3 December 2012. In this opinion piece, Calestous Juma, a professor of international development at Harvard University, United States, writes that while threats to global food security are increasingly evident, efforts to stall adoption of new technologies are appearing to intensify. A lack of strategic thinking about food as a national security issue is leading many African countries, Juma says, to make poor decisions regarding agricultural biotechnology.
Juma writes: “Africa’s precautionary approaches to biotechnology are not only misguided but they expose the continent to long-term political risks. The issue is no longer a simplistic argument about becoming an importer of GM foods; it is about building up the requisite capacity to diversify the technological options needed for long-term agricultural adaptation. Biotechnology offers Africa a wider range of economic opportunities than the Green Revolution did. It is already being used to improve food production and establish or revive cotton production. Its economic impact is therefore likely to go well beyond the farm sector to include industrial development.”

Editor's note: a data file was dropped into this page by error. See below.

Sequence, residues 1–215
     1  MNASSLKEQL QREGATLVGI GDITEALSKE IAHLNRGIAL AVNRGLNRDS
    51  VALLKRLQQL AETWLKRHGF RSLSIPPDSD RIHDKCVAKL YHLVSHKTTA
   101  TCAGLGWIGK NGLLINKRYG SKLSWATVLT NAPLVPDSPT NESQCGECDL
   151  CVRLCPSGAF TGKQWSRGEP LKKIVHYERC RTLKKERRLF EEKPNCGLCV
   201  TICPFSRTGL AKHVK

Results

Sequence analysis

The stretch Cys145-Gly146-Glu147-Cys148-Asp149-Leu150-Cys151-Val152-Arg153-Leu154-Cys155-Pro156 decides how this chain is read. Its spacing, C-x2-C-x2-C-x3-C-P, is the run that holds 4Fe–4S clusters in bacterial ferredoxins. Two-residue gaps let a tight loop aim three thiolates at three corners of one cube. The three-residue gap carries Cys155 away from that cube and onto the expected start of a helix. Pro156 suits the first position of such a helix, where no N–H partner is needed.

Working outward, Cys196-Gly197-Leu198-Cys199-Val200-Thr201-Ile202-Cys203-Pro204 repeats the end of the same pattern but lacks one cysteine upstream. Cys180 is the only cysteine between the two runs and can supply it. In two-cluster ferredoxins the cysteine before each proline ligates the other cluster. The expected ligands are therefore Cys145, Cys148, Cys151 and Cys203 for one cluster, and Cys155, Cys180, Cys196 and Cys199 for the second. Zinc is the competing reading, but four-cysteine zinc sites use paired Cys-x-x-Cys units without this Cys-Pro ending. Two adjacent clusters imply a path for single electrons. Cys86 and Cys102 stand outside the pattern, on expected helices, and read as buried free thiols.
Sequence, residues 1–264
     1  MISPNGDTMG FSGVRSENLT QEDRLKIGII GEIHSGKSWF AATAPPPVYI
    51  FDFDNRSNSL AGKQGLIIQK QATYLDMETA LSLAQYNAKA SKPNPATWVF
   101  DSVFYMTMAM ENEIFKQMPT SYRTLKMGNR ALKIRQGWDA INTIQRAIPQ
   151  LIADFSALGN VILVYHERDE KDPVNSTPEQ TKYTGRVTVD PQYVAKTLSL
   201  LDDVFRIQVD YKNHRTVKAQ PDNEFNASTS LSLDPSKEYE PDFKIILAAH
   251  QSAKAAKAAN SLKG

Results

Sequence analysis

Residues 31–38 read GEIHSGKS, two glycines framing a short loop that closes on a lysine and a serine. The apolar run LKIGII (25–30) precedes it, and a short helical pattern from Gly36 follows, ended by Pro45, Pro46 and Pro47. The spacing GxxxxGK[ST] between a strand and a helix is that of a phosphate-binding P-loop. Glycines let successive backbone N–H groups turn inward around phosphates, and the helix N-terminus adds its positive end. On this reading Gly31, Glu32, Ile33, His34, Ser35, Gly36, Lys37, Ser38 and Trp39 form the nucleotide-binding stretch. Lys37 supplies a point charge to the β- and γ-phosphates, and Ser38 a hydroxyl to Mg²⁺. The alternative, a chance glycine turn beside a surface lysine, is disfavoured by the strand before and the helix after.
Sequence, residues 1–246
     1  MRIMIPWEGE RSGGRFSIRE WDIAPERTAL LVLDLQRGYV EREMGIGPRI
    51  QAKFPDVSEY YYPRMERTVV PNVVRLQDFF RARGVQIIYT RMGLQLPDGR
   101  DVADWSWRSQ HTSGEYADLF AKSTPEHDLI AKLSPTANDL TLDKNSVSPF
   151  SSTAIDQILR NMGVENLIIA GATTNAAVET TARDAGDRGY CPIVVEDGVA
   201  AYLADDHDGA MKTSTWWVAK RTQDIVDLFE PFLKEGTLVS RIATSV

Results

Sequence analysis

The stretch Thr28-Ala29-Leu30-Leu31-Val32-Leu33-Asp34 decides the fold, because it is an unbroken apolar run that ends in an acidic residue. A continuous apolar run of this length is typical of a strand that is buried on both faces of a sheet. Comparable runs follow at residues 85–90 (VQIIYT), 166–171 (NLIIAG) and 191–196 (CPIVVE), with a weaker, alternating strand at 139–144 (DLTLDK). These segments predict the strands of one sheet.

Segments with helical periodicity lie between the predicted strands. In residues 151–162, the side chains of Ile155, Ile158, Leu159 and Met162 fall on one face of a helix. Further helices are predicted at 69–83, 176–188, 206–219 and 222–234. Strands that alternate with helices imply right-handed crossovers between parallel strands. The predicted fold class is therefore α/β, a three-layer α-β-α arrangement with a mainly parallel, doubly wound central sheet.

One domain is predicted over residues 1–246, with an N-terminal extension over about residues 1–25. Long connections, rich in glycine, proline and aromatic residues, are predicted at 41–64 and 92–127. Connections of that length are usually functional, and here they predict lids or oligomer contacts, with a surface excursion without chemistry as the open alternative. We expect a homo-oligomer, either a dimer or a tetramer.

“Guided by good science and technology advice, the choices open to African leaders are clear,” says Juma. “Doing nothing, especially in an age of worsening food prospects, is no longer an option. The time has come for African nations to start focusing on their long-term strategic interests. Biotechnology is not simply a matter of rhetorical debate guided by short-term interests. It is central to how African countries define their place in the global knowledge ecology.”